I am an hour shy of boarding my sixth flight in the past ten days, having recently spun through Bangkok and Hong Kong on various work assignments. Today, I am back in Thailand, awaiting a connection across to Islamabad, where I’ll be stationed for four days of meetings and workshops.

Two years back I penned a whimsical departure post on my last day in Pakistan, after a fascinating week there, and I’m excited about returning.

Travelling days like these play tricks with your mind. Today started with a 4:45am wake-up call from Florence, as she kicked off Day 2 of being six years old, albeit rather blurry-eyed and still coping with a sugar come-down from her Frozen themed birthday party yesterday after school. In the middle of the night, several hours from now, I’ll go to bed in the CARE staff house, in the centre of Islamabad, a masala omlette and some sweet tea awaiting me for breakfast when I wake up on Sunday. Continue reading

And off we go again


Flo’s first day at her new school

It’s been so long since I wrote a blog here, that I had to remind myself of the correct address of my own site.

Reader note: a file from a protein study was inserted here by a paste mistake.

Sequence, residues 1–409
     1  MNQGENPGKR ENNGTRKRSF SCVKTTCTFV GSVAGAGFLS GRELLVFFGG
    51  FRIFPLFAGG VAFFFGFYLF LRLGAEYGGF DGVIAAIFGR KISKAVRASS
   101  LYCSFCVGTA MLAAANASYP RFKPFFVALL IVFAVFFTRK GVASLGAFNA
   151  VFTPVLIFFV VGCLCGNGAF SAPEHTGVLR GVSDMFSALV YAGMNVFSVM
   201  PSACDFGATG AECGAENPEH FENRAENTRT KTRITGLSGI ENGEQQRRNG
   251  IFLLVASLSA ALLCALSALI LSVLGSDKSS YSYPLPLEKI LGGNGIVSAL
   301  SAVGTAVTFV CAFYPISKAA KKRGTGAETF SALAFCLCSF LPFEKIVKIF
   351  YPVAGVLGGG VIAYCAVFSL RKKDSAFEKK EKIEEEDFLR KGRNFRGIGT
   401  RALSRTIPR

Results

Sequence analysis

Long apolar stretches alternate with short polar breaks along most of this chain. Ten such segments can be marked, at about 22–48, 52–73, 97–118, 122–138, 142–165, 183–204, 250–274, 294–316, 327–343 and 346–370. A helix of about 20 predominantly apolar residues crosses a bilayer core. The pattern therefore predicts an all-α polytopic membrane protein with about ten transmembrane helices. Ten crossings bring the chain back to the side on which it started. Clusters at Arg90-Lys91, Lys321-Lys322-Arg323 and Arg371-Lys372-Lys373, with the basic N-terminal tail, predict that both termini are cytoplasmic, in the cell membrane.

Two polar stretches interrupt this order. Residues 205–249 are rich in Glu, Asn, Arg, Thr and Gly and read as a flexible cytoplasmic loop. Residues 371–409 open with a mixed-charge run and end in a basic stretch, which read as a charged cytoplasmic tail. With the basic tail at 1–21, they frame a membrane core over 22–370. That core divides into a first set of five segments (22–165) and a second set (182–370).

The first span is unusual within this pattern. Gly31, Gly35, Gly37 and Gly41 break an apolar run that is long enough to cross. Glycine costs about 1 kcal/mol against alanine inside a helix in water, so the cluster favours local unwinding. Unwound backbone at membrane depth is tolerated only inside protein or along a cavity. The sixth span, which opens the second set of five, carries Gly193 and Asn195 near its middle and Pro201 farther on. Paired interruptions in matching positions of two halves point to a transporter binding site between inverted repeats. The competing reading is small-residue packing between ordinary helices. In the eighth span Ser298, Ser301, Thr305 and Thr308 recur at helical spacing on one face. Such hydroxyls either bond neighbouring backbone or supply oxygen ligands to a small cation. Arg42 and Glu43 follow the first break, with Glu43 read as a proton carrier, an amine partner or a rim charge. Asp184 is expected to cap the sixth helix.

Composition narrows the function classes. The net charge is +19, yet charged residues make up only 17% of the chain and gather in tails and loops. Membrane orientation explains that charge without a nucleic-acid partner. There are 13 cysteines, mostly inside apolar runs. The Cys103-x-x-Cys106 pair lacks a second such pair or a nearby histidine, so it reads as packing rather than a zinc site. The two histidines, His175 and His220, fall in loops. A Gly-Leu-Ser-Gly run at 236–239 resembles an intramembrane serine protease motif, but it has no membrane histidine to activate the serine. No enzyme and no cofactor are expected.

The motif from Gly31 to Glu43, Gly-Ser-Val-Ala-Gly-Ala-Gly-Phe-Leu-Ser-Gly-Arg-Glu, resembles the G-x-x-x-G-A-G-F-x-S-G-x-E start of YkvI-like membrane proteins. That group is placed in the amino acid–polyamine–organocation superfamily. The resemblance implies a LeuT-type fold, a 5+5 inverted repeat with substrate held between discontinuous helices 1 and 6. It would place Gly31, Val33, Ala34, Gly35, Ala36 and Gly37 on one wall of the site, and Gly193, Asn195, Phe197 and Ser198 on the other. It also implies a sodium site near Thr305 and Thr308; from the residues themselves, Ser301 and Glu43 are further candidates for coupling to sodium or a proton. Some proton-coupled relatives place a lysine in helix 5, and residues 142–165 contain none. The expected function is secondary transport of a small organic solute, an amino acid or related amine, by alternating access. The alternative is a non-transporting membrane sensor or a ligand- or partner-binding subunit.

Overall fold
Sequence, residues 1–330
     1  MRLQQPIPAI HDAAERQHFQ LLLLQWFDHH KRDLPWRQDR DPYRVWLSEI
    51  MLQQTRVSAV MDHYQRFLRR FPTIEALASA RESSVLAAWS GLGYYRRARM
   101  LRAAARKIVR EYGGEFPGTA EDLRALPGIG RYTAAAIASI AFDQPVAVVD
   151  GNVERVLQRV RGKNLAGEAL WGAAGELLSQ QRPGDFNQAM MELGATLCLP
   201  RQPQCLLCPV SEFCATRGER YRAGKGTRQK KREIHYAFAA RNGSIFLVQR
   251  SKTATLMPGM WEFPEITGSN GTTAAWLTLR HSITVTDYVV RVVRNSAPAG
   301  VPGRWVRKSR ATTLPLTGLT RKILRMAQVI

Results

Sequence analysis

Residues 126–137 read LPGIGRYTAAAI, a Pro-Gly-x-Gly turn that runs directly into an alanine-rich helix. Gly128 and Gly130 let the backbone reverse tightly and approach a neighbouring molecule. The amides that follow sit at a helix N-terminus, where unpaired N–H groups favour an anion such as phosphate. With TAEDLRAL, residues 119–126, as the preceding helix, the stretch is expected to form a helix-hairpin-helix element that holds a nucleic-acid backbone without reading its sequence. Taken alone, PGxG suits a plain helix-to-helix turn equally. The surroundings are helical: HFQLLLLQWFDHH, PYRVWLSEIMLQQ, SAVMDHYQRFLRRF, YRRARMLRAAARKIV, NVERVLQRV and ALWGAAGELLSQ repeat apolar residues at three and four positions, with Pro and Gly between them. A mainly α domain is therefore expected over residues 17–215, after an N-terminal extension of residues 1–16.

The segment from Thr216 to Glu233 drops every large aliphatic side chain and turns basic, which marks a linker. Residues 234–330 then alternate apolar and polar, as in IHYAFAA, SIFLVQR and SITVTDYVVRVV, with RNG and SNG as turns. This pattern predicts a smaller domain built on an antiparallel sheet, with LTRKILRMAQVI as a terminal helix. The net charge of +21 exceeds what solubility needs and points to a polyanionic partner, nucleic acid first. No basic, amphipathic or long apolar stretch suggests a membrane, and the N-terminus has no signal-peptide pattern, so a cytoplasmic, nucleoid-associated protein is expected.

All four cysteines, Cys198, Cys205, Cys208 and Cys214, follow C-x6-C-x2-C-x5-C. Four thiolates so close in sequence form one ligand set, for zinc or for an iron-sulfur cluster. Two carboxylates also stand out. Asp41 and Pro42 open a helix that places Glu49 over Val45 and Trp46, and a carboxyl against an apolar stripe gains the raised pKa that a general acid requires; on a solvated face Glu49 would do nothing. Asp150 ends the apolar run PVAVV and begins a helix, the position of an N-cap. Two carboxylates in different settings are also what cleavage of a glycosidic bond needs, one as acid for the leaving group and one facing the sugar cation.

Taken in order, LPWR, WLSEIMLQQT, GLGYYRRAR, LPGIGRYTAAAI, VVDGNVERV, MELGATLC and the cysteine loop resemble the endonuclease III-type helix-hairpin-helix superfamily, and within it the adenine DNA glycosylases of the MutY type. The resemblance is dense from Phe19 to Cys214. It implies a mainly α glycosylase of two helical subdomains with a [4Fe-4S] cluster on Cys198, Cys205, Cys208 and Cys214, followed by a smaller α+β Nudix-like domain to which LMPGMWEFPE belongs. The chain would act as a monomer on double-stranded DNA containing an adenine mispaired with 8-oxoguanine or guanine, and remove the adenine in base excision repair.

August 11th, and too much to fill in since my last post, but several fabulous weeks back in the UK recently – both girls had 6 weeks over there in total, having a blast up north, down south, in London and on the beaches of Cornwall and Devon – and then a new school term underway as of this morning, back here in Saigon, and we are off again, refreshed (partly, the jet-lag this weekend was a killer) and ready for the long run into the next break at Christmas…

The merry-go-round is in full tilt.

The happy and somewhat jaded campers (above) took it in their stride this morning that the summer holiday adventures were over. Bless them both, Florence and Martha just seem to take whatever is thrown at them and make it fun. 

Flo was not the least bit put out for example that it took me twenty minutes this morning to realise that her penguin stepping around the apartment in her new skirt/shorts combo for Day 1 at the Australian International School, was in fact because when she’d got dressed she had put both feet into one shorts leg, rather than what she was thinking to herself at the time, which was that her new school practice some quasi-Geisha ritual for their Year 2’s, by forcing them to hop about the classroom for the first term.

Nor did she seem intimated by the chaos of the busy new school gates, or the strangeness of her new surrounds. She was too busy taking it all in to kiss us goodbye.

Anyway, you’ll hopefully find me more prominent on these pages soon, but in the meantime I wish you all happy ends of the holidays when you get to yours.

Much love to all.